How much exercise is effective in controlling migraine?
Exercise increases our endorphins, the natural painkillers in our brains, so by exercising we can help relieve migraine pain. We should exercise at least 20 minutes three times a week to have a consistent level of endorphins. Sometimes exertion can trigger a migraine. To avoid that it’s best to warm up first.
“So exercise is very interesting because there's actually been several studies done with exercise and migraine. So what happens in
exercise is that it increases our endorphins. Endorphins are natural painkillers. They actually modulate the pain system. So if we exercise we can naturally basically build up those endorphins to actually relieve our own pain. So it's a great part of your lifestyle changes that you can do to empower yourself against your neurobiological disorder of migraine. What I typically would recommend for patients, to have that consistent elevation of endorphins, is about 20 minutes of exercise at least three times a week.
“You want to kind of start small and build up. In fact there's some data that talks a little bit about that warm up period while you're exercising and how that's so important. There is a type of headache disorder, exertional headaches, which is really defined as basically any type of exertion or exercise is what triggers the headache. There have been studies that demonstrated that for those individuals, if you lengthen that low impact warm up activity that you're able to prevent that exertional headache. I suspect the same would apply for our migraine patients, make sure if you want to run don't step out of the house and just start running, but rather make sure you do that warm up activity. And for you it might need to be a little bit longer than the average patient who may not have migraine.”
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Amaal J. Starling, MD, FAHS, FAAN
Mayo Clinic, Arizona
Dr. Amaal J. Starling is an associate professor of neurology at the Mayo Clinic College of Medicine. She joined Mayo in 2012 and is currently a consultant within the department of neurology. Dr. Starling received her MD from the Drexel University College of Medicine in Philadelphia. She completed a transitional year residency, a neurology residency, and a headache fellowship at the Mayo Clinic College of Medicine in Scottsdale, Arizona.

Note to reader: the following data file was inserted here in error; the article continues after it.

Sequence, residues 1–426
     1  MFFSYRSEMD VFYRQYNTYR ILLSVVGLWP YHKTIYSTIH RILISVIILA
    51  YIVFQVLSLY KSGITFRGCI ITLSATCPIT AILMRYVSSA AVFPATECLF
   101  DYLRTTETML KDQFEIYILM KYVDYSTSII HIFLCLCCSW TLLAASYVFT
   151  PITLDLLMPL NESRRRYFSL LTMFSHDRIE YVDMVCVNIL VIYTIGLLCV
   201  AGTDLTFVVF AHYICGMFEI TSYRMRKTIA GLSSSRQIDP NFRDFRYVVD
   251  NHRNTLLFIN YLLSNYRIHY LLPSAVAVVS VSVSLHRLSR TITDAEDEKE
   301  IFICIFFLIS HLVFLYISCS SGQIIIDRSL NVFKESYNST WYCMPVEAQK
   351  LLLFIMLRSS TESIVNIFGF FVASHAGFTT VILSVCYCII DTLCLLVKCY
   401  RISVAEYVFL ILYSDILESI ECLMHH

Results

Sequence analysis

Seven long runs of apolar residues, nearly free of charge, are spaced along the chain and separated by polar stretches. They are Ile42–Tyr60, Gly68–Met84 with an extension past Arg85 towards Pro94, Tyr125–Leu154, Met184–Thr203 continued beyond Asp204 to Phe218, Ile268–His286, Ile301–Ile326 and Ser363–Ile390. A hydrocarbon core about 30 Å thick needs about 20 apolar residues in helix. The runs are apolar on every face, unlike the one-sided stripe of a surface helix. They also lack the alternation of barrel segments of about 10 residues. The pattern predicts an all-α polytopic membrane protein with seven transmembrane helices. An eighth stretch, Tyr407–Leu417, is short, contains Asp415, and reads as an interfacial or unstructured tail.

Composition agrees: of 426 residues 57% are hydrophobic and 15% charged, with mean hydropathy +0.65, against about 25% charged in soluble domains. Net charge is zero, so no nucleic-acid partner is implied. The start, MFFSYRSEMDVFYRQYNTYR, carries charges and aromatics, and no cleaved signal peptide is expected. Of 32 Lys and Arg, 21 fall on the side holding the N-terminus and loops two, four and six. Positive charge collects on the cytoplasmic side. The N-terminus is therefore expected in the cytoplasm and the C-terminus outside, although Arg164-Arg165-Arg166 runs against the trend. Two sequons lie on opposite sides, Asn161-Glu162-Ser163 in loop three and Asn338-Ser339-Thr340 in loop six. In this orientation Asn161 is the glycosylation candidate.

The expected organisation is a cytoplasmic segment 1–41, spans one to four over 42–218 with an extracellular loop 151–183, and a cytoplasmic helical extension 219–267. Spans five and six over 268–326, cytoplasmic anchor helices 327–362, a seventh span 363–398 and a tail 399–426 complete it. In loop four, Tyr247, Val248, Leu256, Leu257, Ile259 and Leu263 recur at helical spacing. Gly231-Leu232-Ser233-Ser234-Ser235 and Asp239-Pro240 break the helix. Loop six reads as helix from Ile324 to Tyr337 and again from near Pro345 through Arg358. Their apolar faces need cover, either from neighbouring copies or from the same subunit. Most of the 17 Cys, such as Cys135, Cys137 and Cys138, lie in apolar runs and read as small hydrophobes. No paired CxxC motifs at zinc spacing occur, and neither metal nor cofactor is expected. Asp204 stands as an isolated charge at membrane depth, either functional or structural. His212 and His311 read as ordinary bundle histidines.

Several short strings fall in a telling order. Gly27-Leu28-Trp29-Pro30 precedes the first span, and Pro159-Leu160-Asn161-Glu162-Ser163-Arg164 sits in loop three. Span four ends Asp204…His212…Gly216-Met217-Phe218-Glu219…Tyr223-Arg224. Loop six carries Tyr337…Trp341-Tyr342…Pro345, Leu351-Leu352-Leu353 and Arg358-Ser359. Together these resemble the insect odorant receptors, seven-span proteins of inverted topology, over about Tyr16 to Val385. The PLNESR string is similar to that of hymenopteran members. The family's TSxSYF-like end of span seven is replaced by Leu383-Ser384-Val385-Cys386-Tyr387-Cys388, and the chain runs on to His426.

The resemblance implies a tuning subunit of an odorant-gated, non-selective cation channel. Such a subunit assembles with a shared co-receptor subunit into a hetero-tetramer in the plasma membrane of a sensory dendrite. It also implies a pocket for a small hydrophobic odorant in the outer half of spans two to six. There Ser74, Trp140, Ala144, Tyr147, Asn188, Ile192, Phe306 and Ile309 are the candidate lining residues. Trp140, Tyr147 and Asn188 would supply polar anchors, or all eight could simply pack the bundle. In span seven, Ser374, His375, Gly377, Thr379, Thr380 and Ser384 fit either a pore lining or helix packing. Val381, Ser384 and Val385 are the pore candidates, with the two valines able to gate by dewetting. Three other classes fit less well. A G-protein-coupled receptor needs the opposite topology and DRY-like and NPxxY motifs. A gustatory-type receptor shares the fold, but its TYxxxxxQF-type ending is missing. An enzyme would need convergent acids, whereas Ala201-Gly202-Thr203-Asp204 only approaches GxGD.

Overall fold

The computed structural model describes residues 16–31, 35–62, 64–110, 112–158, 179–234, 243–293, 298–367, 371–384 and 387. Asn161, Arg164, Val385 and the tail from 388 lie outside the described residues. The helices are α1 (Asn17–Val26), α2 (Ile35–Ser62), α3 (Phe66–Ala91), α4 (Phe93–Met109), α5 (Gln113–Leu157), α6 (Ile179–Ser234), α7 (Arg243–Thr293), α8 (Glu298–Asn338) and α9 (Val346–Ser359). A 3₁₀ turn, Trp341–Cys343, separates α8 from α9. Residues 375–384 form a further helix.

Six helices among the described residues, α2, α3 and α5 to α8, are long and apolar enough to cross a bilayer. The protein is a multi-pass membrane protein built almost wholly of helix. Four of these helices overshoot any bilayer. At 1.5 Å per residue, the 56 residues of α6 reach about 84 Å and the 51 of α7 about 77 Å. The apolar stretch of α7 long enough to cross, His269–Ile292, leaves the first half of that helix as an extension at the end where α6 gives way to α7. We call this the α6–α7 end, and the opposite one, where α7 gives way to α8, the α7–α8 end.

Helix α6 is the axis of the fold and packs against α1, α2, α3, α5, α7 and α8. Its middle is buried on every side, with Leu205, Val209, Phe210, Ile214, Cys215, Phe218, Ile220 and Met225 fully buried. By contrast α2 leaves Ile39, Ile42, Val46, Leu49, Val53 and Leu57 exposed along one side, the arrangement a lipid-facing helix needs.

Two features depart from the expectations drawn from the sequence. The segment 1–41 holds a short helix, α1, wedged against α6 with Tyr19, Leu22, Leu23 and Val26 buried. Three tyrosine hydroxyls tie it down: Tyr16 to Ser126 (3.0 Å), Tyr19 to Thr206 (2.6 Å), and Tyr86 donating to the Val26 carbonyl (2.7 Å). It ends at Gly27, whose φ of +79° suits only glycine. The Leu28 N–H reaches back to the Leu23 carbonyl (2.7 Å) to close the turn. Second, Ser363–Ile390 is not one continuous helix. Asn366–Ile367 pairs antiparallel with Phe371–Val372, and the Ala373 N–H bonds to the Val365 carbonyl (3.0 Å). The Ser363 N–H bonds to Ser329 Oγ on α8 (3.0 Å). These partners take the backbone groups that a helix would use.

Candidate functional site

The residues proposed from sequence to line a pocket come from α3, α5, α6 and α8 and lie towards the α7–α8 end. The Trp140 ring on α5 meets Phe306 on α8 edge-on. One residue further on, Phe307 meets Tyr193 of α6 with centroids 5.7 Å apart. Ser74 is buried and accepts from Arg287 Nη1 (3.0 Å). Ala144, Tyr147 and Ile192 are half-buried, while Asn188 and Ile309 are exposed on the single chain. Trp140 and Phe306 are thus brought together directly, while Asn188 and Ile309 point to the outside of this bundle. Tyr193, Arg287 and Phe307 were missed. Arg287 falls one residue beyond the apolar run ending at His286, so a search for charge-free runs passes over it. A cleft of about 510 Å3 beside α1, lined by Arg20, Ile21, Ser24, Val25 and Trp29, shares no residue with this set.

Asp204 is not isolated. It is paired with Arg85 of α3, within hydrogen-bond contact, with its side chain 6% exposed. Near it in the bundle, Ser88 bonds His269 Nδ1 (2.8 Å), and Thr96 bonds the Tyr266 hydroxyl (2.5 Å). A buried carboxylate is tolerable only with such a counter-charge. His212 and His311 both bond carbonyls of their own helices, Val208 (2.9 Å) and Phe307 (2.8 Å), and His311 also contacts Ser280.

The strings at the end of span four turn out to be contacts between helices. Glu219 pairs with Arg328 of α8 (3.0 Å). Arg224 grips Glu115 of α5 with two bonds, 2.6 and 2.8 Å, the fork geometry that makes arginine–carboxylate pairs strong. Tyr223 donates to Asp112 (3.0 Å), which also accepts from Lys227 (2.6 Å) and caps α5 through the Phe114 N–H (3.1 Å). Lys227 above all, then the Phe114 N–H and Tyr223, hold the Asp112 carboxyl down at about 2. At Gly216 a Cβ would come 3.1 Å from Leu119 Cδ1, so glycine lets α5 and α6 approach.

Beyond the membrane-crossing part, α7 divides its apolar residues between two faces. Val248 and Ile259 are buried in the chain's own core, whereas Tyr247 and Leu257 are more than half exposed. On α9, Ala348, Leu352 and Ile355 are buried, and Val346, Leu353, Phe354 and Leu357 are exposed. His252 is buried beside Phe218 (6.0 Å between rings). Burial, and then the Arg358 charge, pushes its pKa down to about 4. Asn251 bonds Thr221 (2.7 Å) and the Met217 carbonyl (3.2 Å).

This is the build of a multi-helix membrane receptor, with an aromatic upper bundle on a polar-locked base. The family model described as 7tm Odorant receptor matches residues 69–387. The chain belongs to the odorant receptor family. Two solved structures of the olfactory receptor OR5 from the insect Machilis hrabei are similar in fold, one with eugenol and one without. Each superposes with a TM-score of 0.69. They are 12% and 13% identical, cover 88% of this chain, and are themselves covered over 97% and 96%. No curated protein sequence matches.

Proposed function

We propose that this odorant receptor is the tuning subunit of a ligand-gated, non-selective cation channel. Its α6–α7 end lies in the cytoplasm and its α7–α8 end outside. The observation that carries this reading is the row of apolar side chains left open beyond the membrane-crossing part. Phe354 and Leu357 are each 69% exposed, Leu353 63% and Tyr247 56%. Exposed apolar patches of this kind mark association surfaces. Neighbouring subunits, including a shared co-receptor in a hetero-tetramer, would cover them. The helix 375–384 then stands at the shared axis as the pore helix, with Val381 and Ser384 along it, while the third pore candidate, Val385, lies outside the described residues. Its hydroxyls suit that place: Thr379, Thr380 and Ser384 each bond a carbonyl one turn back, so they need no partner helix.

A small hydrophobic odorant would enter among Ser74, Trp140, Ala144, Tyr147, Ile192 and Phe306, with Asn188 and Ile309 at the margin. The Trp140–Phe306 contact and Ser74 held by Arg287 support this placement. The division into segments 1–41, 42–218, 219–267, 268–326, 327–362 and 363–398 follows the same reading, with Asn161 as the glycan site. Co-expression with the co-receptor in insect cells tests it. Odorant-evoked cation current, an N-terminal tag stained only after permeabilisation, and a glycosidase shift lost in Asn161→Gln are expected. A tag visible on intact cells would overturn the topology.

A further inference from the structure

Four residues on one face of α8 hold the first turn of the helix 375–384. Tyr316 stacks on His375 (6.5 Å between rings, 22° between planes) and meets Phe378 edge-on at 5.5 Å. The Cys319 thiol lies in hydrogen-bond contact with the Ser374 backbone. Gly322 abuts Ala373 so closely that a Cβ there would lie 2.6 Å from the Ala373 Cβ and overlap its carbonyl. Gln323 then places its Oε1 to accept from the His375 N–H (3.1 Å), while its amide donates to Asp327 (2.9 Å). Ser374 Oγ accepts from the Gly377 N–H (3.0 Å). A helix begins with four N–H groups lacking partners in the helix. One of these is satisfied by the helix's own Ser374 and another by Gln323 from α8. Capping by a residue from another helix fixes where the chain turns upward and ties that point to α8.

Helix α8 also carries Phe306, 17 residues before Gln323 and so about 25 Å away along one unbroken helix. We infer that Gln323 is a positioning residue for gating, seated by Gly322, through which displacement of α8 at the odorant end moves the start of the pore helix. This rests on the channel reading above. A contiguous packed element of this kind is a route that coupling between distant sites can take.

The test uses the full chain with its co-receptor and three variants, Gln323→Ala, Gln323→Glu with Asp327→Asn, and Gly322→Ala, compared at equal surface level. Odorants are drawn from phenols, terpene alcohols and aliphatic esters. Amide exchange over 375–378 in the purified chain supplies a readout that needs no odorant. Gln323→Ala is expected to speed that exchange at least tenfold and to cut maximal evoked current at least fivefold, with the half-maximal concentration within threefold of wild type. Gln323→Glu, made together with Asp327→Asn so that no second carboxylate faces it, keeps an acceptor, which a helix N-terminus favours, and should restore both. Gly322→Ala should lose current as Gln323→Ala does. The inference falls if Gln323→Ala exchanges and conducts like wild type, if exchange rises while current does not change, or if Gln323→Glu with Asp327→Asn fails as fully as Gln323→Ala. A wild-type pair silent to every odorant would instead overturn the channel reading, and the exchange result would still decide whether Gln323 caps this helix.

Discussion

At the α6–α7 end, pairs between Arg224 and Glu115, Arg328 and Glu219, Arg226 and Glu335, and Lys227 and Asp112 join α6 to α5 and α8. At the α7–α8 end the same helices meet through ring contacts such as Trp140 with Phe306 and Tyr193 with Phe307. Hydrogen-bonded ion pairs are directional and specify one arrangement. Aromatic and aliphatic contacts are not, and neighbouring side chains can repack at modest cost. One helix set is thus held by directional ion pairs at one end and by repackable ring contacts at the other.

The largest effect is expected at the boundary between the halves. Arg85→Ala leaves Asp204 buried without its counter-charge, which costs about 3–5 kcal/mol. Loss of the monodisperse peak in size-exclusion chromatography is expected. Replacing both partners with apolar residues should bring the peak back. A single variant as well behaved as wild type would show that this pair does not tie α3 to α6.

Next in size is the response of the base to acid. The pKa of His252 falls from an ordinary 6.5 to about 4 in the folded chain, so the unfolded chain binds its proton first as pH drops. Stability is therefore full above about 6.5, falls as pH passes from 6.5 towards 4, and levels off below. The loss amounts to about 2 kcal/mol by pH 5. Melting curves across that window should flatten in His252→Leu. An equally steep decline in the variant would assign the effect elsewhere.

Dr. Starling is an active member of numerous migraine advocacy organizations, including the American Headache Society (AHS), the American Migraine Foundation, the American Pain Society, and the American Academy of Neurology. Annually, she is involved in events supporting migraine, including Headache on the Hill, Miles for Migraine, and the Alliance for Headache Disorders Advocacy. Dr. Starling is currently serving as chair of the advocacy committee of the AHS; Diversity, Equity, and Inclusion Taskforce member of the AHS; and she is a member of the Scientific Advisory Board of the International Concussion Society. Dr. Starling has been the recipient of numerous awards, including the AHS Above and Beyond Award for Service, Manfred D. Muenter Award for Excellence in Clinical Neurology, the American Academy of Neurology Annual Meeting Residency Scholarship, the 2012 Spirit of Mayo Clinic Award, and the Mayo Brothers Distinguished Fellowship Award.
Dr. Starling has several peer-reviewed publications and abstracts related to her fields of interest, which include migraine, concussion, post-traumatic headache, trigeminal autonomic cephalalgias, secondary headaches, telemedicine and teleconcussion, neurology resident education, and professionalism and clinical ethics. Dr. Starling’s hope is that her research and advocacy will advance care for people with migraine, post-traumatic headache, and other headache disorders. She envisions a future in which all people with headache disorders receive personalized, effective, and well-tolerated treatment options to improve their quality of life.